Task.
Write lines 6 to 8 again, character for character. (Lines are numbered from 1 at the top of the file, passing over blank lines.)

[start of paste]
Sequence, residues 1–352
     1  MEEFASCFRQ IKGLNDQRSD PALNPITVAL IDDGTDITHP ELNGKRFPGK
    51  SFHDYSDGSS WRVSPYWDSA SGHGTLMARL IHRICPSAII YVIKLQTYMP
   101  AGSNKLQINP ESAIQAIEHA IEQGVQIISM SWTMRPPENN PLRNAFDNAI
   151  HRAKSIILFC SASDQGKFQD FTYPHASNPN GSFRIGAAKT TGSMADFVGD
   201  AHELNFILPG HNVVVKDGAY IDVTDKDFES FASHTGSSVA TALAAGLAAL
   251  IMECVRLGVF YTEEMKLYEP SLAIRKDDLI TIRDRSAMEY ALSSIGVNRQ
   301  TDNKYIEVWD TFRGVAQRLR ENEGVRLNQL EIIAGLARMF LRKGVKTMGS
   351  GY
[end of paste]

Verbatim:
   201  AHELNFILPG HNVVVKDGAY IDVTDKDFES FASHTGSSVA TALAAGLAAL
   251  IMECVRLGVF YTEEMKLYEP SLAIRKDDLI TIRDRSAMEY ALSSIGVNRQ
   301  TDNKYIEVWD TFRGVAQRLR ENEGVRLNQL EIIAGLARMF LRKGVKTMGS